Founders Pledge (an EA-aligned group whose analysis I have partially reviewed and believe to be generally good) used to recommend donations to Coalition for Rainforest Nations (CfRN). CfRN runs a scheme called REDD+, which allows donors to donate to prevent deforestation.
Since then, I understand that Founders Pledge no longer recommends CfRN (I'm not claiming that their change is caused by the SoGive report; if you want to know why their opinion changed it's best to ask them).
There are further concerns about REDD+ which were not fully outlined in that report, such as the nuances of determining the reference level / counterfactual (i.e. the thorny question of what would have happened to the forests otherwise).
However it is useful to recognise some positives: there is a real lack of carbon offset schemes that are effective at scale, and REDD+ could be that solution, especially since it's recognised by the UN and built into the Paris Agreement.
Cool Earth used to be recommended by Giving What We Can when they did charity analysis. Cool Earth aims to protect rainforests by supporting the indigenous communities living in the rainforests.
We at SoGive believe that certain elements of the GWWC analysis were not given enough credit, as set out here. For example, it didn't give enough credit to what displacement / leakage.
One might imagine that if Cool Earth expanded enough, there would be so much rainforest protected that loggers would have nowhere to go. The fact that only 20% of rainforest is inhabited by indigenous peoples suggests that for at least some types of logger, this isn't credible.
One thing that confused me about the game/ritual was that I had the power to inflict a bad thing, but there was no obvious upside.
All I had to do was ignore the email, which seemed too easy.
This seems to be a bad model for reality. People who control actual nuclear buttons perceive that they get some upside from using them (even if it's only the ability to bolster your image as some kind of "strong-man" in front of your electorate).
Perhaps an alternative version could allow those who use the "nuclear" codes to get an extra (say) 30 karma points if they use the codes?
When I started thinking about these issues last year, my thinking was pretty similar to what you said.
I thought about it and considered that for the biggest risks, investors may have a selfish incentive to avoid to model and manage the impacts that their companies have on the wider world -- if only because the wider world includes the rest of their own portfolio!
It turns out I was not the first to think of this concept, and its name is Universal Ownership. (I've described it on the forum here)
Universal Ownership doesn't go far enough, in my view, but it's a step forward compared to where we are today, and gives people an incentive to care about social impacts (or social "profits")
As I alluded to in a comment to KHorton's related post, I believe SoGive could grow to spend something like this much money.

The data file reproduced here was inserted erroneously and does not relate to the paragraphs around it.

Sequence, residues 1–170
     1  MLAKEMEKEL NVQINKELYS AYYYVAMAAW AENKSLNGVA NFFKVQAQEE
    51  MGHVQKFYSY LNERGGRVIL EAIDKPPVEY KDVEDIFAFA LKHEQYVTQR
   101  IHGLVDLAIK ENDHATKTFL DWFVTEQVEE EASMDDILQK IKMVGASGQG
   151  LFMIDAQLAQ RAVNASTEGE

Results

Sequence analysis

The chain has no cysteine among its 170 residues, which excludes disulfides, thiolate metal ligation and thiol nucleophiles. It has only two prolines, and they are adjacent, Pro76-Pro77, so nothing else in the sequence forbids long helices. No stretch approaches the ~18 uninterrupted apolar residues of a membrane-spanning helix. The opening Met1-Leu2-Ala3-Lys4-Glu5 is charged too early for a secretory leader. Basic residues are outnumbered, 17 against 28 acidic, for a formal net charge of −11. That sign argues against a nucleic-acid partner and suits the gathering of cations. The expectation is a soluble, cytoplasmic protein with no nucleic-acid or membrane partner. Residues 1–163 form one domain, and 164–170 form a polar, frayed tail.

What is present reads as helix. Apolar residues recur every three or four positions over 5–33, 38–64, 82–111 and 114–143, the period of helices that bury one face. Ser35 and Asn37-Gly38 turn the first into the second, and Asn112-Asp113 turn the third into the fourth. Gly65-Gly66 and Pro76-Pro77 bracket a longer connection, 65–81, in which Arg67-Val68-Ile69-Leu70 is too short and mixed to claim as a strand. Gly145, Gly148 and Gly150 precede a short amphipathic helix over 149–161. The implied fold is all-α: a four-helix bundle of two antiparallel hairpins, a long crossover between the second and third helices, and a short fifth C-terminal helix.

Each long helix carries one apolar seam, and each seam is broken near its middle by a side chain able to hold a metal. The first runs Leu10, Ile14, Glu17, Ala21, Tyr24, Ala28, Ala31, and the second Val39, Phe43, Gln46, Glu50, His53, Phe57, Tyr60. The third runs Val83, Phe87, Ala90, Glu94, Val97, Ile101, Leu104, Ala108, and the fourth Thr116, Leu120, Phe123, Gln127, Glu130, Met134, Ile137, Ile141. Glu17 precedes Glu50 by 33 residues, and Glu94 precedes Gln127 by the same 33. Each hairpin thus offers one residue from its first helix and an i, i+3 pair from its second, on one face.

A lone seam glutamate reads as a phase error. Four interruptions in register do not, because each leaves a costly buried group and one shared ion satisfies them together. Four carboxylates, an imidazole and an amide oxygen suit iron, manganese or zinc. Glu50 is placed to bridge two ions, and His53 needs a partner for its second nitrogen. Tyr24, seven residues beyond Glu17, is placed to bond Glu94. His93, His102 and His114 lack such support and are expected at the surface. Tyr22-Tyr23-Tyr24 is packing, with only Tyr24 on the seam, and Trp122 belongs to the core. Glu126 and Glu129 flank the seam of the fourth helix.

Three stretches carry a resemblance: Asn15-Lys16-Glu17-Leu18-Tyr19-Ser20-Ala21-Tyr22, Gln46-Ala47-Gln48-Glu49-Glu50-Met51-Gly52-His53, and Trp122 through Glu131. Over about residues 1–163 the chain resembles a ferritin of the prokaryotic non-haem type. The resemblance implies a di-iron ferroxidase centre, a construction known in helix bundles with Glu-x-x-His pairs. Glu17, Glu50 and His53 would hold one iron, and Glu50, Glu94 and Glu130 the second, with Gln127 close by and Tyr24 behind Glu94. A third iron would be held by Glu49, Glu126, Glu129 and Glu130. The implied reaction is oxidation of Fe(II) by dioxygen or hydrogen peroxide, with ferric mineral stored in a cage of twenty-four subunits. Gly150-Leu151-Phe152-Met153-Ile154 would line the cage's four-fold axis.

SoGive's core idea is to provide EA style analysis, but covering a much more comprehensive range of charities than the charities currently assessed by EA charity evaluators.
As mentioned there, benefits of this include:
SoGive could have a broader appeal because we would be useful to so many more people; it could conceivably achieve the level of brand recognition achieved by charity evaluators such as Charity Navigator, which have high levels of brand recognition in the US (c50% with a bit of rounding).
Lots of the impact here is the illegible impact that comes from being well-known and highly influential; this could lead to more major donors being attracted to EA-style donating, or many other things.
There's also the impact that could come from donating to higher impact things within a lower impact cause area, and the impact of influencing the charity sector to have more impact
Full disclosure: I founded SoGive.
This short comment is not sufficient to make the case for SoGive, so I should probably right up something more substantial.
I believe that in time EA research/analysis orgs both could and should spend > $100m pa.
There are many non-EA orgs whose staff largely sit at a desk, and who spend >$100m, and I believe an EA org could too.
Let's consider one example. Standard & Poors (S&P) spent c.$3.8bn in 2020 (source: 2020 accounts). They produce ratings on companies, governments, etc. These ratings help answer the question: "if I lend the company money, will I get my money back". Most major companies have a rating with S&P. (S&P also does other things like indices, however I'm sure the ratings bit alone spends >$100m p.a.)
S&P for charities?
Currently, very few analytical orgs in the EA space aim to have as broad a coverage of charities as S&P does of companies/governments/etc.
However an org which did this would have significant benefits.